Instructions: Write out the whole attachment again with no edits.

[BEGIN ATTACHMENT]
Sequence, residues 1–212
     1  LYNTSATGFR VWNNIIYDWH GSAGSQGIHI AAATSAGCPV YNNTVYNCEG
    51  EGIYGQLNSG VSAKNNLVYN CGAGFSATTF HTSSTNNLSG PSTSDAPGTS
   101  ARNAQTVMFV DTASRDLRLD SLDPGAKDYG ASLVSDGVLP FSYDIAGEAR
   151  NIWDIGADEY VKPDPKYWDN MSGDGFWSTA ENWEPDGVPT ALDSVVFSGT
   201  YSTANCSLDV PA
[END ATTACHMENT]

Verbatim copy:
Sequence, residues 1–212
     1  LYNTSATGFR VWNNIIYDWH GSAGSQGIHI AAATSAGCPV YNNTVYNCEG
    51  EGIYGQLNSG VSAKNNLVYN CGAGFSATTF HTSSTNNLSG PSTSDAPGTS
   101  ARNAQTVMFV DTASRDLRLD SLDPGAKDYG ASLVSDGVLP FSYDIAGEAR
   151  NIWDIGADEY VKPDPKYWDN MSGDGFWSTA ENWEPDGVPT ALDSVVFSGT
   201  YSTANCSLDV PA